Learning strategies benefit all students by helping them retain information and by improving their attitudes and their motivation for learning. These strategies especially help low-achieving students and students with disabilities, who often do not take an active role in their own learning (Torgeson, 1977). The purpose of strategy instruction is to provide students with metacognitive tools that they can use on their own to become more independent learners (Swanson & De La Paz, 1998).
Paraprofessionals who assist lowachieving students and students with disabilities work closely (frequently one-on-one or in small groups) with these students to reinforce classroom learning. They are an ideal resource for teaching and reinforcing the use of learning strategies. Because paraprofessionals often supervise students in the hallways, lunchroom, and various other social situations, they can profit from developing, teaching, and reinforcing social learning strategies for the students whom they supervise. However, paraprofessionals often do not have the necessary knowledge and skills to use learning strategies with these students.
How Do We Empower Paraprofessionak?
As part of a university/community college/district initiative to support paraprofessionals, we implemented a professional development series to teach them to use learning strategies. Because activity-based training can enhance the skills of paraprofessionals, especially when such training is combined with fieldwork (Blalock, 1991), our program combined these two elements. In a 2-day make-and-take workshop, 25 paraprofessionals learned how to develop and teach learning strategies to the students with whom they work.
On the first day, we defined learning strategies, reviewed several types, and discussed why they are important for students to learn and use. We then modeled creating an original learning strategy for a student and teaching it. We asked the paraprofessionals to identify a student or small group of students who could benefit from a strategy to learn a simple task or skill. We suggested that they consider students who repeatedly needed reminders to complete a task such as walking in line correctly or behaving appropriately in the lunchroom. Each paraprofessional then created an original strategy for the student or group of students by using the steps in a strategy we called CREATE (see box, "How to CREATE an Original Strategy").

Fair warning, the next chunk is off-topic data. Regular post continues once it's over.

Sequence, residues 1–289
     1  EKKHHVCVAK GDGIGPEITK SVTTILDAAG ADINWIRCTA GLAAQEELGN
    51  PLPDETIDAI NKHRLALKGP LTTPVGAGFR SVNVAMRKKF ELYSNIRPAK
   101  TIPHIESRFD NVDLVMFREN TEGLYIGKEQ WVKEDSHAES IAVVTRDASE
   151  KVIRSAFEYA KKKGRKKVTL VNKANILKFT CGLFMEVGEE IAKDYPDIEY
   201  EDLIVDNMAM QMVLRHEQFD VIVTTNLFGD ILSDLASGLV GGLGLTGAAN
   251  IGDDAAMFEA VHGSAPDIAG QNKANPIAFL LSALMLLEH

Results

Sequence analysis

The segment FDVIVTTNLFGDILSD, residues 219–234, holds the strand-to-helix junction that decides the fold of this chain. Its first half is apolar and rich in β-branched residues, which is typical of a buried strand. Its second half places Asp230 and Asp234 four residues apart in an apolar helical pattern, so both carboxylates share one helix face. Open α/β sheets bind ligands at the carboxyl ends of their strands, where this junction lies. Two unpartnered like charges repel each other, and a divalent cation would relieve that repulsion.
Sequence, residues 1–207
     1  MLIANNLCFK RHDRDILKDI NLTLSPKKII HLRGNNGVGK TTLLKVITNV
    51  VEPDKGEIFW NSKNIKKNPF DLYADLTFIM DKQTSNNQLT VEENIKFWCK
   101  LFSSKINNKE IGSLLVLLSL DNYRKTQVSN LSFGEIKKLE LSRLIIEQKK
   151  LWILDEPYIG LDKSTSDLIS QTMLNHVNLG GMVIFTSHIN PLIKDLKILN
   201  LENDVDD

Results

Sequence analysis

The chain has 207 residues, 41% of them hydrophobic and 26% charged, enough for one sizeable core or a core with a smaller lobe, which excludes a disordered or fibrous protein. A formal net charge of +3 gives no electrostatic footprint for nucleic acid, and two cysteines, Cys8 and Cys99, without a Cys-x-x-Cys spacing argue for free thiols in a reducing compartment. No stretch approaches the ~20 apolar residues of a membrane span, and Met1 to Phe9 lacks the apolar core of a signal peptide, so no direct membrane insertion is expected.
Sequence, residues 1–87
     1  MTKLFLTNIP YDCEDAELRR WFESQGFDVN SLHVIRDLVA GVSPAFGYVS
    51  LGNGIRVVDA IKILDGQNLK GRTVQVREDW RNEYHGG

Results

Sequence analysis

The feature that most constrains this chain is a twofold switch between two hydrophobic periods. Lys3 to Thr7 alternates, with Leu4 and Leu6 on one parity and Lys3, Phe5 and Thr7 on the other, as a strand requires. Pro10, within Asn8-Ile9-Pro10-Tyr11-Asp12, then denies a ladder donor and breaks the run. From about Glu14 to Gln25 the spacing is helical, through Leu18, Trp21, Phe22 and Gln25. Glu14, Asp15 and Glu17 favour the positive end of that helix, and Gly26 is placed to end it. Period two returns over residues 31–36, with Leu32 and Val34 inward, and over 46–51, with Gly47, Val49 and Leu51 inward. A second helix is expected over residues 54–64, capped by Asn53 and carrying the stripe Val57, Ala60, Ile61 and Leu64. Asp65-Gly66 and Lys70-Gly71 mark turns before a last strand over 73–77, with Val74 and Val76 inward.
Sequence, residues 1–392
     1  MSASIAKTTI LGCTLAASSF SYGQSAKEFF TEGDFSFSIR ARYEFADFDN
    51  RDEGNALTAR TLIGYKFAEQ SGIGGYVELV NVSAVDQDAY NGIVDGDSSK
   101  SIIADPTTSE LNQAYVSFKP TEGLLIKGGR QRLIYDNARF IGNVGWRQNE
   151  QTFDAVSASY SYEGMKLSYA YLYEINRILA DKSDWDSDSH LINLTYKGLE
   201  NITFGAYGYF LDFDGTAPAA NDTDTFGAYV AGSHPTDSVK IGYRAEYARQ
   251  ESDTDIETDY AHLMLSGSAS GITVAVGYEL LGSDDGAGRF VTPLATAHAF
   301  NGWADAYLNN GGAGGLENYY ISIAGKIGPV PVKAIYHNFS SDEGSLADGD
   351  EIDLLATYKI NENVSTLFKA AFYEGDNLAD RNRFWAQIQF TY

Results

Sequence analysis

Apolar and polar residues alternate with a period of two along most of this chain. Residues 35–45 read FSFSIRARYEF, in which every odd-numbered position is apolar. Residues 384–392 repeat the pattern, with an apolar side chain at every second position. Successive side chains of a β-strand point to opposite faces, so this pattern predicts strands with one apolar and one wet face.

The steps in the CREATE strategy are as follows:
* Choose a learning outcome or goal (for example, appropriate lunchroom behavior),
* Remember to task analyze. Break the task down into manageable steps.
* Eagerly put the steps in sequential order, which involves arranging the steps into a logical sequence for the students to follow.
* Always make it simple and easy to remember. In the lunchroom behavior example, the paraprofessional might choose the acronym LUNCH.
* Try to choose action words that match your title by using synonyms. The first words in each step should be action words. Paraprofessionals identify synonyms that match the title of their strategies. In the lunchroom example, for instance, "line up quietly" might be the first step of the LUNCH strategy}.
* Extend the learning by making a cue card for the student to use independently. This cue card should list all the steps and should include a catchy picture to help the students remember the strategy steps. Again using the LUNCH strategy as an example, the cue card might display a picture of a lunch tray.
After the paraprofessionals created a learning strategy, we presented the para professional s with the following model to teach learning strategies.
* Review the skills needed to perform the strategy and ensure that the students know how to perform them.
* Tell the students that they are going to learn a strategy that will help them with a new skill-for example, reading new words.
* Tell the students why the strategy is important to use, and tell them when to use it.
* Present the strategy to the students, and practice each step.
* Model how to use the strategy by using "thinkalouds," which are oral statements that describe what the person who is performing the strategy is thinking.
* Ask the students to practice using the new strategy several times, and provide feedback.
* When the students are ready, ask them to perform the skill on their own.
* Remind students to use the strategy each day.